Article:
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56 Feared Dead in Turkish jet crash
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CNN) -- All 56 people onboard a Turkish plane that crashed in southern Turkey early Friday are believed to have been killed, according to the airline's chief executive officer. The cause of the crash is not yet known.


1 of 3 "Search groups have not seen any survivors as of now," said Atlasjet Airlines CEO Tuncay Doganer. Investigating authorities have located the plane's cockpit voice and flight data recorders, according to Turkey's civil aviation authority.

The MacDonnell Douglas 83, which left Istanbul for Isparta at 00.50 a.m. local time (22.50 GMT Thursday), went down in a mountainous region north of the village of Keciborlu, just as it was preparing to land at Isparta, Doganer said.

He added that the pilot had radioed the tower, saying he was starting his descent. But the flight, which was carrying 49 passengers and seven crew, never arrived at Isparta airport, which is around 315 km (195 miles) southwest of Ankara, disappearing at around 2 a.m. local time.

According to the Dogan news agency, a transcript of the conversation between the Isparta control tower and the pilot revealed no indication of trouble.

The pilot is said to have told the tower: "Isparta tower, we are inbound" at 1:36 a.m., according to the transcript. The tower then replied: "Understood, Atlasjet. Continue to approach."

Doganer said that conditions at the time of the crash were good. "There was no rain or wind," he said. "The weather could not have been better."

He added that the flight's pilots had just returned from training and were extremely experienced. "It is not a point of issue that the pilots were sleepless or restless."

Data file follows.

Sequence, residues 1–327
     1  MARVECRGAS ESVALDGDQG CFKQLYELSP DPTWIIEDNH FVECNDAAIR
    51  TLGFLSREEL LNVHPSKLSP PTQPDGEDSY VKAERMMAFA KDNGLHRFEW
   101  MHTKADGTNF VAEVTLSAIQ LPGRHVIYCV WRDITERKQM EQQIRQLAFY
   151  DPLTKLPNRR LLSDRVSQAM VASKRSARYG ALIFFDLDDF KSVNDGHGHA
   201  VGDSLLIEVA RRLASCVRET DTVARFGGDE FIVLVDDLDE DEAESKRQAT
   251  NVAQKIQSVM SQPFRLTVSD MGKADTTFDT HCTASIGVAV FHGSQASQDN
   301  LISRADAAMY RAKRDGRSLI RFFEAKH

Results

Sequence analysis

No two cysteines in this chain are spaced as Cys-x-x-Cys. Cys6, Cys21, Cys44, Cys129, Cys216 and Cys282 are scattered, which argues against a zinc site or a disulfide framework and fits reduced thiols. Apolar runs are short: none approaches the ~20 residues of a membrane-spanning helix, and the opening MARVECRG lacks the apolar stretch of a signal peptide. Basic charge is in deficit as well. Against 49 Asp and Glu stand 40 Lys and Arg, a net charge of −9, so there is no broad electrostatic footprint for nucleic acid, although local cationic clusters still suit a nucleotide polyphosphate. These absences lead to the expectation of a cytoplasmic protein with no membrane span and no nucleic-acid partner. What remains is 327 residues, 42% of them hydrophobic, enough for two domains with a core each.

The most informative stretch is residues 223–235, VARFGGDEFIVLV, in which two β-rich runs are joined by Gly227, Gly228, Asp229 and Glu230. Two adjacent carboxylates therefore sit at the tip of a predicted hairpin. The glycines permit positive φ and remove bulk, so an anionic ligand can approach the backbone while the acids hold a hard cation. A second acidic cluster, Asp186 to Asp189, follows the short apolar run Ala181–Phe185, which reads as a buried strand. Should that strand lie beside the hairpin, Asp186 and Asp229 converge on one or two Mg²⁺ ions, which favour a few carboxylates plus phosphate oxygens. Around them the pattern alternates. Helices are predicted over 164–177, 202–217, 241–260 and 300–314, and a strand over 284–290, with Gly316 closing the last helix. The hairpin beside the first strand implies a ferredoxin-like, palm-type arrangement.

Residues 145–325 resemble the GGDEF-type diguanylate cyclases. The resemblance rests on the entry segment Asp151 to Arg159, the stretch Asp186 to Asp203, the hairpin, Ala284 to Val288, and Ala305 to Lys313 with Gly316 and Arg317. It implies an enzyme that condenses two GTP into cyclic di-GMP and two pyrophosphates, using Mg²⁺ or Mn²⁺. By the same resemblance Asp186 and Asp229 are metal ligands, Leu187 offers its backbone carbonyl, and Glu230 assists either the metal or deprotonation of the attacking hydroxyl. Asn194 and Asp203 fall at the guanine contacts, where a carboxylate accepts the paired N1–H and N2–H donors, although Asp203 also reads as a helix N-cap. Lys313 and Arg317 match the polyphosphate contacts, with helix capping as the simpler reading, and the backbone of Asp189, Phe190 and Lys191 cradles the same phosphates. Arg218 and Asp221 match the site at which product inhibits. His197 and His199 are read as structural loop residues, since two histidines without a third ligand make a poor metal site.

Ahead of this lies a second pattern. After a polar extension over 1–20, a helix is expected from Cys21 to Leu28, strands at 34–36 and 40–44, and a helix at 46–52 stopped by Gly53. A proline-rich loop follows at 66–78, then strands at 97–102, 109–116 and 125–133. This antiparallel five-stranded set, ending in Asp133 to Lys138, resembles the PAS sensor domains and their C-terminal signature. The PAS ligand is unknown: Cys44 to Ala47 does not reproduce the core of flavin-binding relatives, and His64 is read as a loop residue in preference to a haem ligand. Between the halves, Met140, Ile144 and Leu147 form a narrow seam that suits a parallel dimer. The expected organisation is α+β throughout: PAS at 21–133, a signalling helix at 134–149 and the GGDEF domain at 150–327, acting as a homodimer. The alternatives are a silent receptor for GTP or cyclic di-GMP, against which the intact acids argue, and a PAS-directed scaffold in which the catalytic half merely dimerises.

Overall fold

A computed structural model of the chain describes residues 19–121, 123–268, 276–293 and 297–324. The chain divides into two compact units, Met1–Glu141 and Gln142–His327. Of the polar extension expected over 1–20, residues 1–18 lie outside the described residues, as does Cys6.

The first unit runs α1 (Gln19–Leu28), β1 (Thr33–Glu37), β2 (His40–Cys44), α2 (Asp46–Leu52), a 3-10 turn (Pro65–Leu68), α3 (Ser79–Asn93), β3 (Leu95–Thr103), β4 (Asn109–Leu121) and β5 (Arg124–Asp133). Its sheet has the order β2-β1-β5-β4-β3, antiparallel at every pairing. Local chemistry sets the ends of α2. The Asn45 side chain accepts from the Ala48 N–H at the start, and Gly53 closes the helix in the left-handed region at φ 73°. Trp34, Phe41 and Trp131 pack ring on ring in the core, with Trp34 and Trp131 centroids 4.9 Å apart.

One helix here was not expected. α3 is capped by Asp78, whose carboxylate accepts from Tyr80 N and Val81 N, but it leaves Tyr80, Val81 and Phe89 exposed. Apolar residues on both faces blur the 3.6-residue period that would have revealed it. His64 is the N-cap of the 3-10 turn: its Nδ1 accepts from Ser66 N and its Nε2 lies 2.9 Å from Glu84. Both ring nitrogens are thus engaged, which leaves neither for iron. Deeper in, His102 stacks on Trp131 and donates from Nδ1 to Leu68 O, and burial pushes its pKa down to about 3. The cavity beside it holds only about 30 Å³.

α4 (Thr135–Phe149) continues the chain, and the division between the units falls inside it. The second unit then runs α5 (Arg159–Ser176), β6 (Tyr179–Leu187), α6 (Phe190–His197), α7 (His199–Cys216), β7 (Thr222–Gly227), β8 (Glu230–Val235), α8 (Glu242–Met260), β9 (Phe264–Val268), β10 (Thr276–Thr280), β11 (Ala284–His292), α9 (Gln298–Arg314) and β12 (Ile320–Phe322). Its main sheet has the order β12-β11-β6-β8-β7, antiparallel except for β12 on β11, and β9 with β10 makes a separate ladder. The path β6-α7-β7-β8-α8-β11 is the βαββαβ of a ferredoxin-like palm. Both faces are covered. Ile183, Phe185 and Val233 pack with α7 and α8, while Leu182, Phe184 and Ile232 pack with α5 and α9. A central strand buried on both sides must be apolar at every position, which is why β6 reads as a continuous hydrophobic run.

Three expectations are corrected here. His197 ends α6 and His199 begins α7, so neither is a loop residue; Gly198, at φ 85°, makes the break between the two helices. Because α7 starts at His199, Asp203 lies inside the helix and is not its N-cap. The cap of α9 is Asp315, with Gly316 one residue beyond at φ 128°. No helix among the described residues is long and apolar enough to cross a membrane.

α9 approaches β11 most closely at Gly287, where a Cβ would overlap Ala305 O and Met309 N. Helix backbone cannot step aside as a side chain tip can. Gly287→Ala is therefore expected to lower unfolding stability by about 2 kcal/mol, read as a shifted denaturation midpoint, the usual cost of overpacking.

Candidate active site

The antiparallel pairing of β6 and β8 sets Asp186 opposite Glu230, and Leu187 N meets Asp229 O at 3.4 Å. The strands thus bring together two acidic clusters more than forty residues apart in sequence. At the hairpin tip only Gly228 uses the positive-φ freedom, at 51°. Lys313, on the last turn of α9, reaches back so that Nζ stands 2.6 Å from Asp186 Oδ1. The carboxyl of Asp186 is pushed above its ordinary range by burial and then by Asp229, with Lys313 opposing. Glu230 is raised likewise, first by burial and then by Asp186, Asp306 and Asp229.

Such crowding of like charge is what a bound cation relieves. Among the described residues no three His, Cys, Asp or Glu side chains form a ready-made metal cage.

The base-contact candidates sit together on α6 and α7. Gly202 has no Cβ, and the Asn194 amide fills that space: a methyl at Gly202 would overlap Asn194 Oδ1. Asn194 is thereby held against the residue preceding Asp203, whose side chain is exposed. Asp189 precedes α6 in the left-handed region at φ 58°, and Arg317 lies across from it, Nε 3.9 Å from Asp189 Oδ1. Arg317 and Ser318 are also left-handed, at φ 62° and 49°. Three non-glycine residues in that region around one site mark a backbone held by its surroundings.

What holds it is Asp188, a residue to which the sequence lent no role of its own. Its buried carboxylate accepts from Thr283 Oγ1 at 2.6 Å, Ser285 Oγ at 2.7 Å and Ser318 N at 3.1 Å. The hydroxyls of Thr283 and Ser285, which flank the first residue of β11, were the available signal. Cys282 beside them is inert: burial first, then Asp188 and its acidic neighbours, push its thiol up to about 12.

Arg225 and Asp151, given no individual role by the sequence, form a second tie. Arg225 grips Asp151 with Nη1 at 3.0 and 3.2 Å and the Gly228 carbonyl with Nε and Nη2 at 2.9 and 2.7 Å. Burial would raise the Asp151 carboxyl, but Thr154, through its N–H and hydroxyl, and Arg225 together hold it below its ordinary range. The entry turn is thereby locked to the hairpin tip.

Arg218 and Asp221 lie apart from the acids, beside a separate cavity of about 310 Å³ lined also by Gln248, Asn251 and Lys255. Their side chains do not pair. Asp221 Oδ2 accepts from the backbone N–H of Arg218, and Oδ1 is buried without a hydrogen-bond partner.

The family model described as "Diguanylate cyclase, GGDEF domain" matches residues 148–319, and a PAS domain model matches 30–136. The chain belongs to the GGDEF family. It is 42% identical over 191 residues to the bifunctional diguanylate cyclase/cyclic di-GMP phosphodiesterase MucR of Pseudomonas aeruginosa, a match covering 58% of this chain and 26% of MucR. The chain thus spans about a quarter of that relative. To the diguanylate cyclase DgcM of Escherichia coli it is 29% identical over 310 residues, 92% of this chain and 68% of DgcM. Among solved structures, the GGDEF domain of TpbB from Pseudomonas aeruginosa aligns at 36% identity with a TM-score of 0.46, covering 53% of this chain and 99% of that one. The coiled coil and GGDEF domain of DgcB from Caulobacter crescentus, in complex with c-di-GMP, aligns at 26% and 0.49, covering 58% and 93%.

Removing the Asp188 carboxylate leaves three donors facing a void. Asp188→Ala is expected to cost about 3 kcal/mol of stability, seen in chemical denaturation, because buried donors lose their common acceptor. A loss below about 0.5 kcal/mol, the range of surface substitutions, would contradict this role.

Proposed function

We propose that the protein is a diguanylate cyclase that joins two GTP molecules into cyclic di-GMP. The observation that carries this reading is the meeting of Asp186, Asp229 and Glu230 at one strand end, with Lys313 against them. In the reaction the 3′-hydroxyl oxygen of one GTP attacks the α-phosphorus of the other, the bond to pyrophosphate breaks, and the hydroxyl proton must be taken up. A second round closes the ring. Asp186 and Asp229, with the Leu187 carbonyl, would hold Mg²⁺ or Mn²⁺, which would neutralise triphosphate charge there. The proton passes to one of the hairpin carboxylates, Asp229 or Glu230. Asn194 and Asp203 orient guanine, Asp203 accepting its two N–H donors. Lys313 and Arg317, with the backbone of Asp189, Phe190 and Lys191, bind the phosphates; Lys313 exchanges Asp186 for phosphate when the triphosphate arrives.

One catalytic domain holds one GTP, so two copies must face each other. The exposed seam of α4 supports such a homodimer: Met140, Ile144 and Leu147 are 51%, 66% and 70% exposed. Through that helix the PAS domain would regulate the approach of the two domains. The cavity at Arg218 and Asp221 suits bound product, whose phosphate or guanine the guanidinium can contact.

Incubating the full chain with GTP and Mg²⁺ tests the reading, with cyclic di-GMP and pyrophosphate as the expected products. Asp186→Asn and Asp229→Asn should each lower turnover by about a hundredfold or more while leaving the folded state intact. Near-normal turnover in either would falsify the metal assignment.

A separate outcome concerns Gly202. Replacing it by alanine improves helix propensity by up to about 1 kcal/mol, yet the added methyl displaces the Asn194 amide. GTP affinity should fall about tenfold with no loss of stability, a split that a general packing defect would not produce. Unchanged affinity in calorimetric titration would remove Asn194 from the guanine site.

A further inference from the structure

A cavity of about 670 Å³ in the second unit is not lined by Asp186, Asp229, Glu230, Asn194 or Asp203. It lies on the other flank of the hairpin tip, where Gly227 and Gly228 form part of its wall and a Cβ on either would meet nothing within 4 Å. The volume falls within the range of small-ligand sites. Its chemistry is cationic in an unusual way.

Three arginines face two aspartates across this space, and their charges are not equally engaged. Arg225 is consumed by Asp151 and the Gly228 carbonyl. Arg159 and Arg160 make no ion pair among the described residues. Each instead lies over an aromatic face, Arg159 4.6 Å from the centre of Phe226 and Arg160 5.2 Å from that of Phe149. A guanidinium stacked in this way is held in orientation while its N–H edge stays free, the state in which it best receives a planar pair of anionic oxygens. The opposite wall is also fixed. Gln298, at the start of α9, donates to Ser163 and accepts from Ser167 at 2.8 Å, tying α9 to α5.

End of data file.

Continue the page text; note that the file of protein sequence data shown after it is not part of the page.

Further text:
Doganer said that rescue teams had experienced problems in reaching the crash site due to the high ground. Video shows the fuselage of the plane largely intact but broken into at least three pieces, with the tail and cockpit separated from the body of the aircraft. There appeared to be no evidence of a fire.

The Anatolia news agency reported that the site, around seven miles from the airport, is strewn with debris and passengers' personal belongings. The bodies of some passengers were still strapped in their seats; elsewhere the site was littered with body parts.

The agency added that heavy machinery was being used to remove trees and allow easier access to the area.

The governor for Isparta, Semsettin Uzun, said that the site of the crash did not seem to be on the plane's usual route, the agency reported. "It is impossible to understand how the plane landed there."

Families and friends of those on board the plane have headed to airports at Istanbul and Isparta for any updates, while others have tried to reach the crash site itself.

Turkish media has published the names of those onboard the plane.

The Associated Press reported that Engin Arik, a renowned nuclear physics professor at Bosporus University, Istanbul, was among those killed.

She was part of a delegation of academics who were scheduled to attend a conference at Isparta university.

Ali Ceylan said that his daughter-in-law, Melike Ceylan, 22, his six-week-old grandson Caner, and his son's mother-in-law had all been killed as they returned home to Isparta, the agency reported.

Ceylan said that he had been due to meet his grandson, who was born in Istanbul, for the first time. "He died before we were able to see his face. It's very hard for us. It's enough to make us go mad," the agency reported him as saying.

Ceylan's son, who serves in the police, was in a state of shock and had been given tranquilizers, he added.

Doganer said managers from the company will depart for Isparta later today with relatives of those who were onboard the plane.

Atlasjet leased the plane from Worldfocus Airlines, whose pilots were flying it, Doganer said.

Can Ertuna, of CNN affiliate station CNN Turk, said that Atlasjet was a relatively new company and that none of its flights had been involved in such a serious incident before.

In August of this year two hijackers held passengers hostage on an Atlasjet flight before giving themselves up, while in 2005 an Atlasjet plane left the runway due to wintry conditions. There were no reported injuries from either incident.

http://www.cnn.com/2007/WORLD/europe/11/30/turkey.jet/index.html
 
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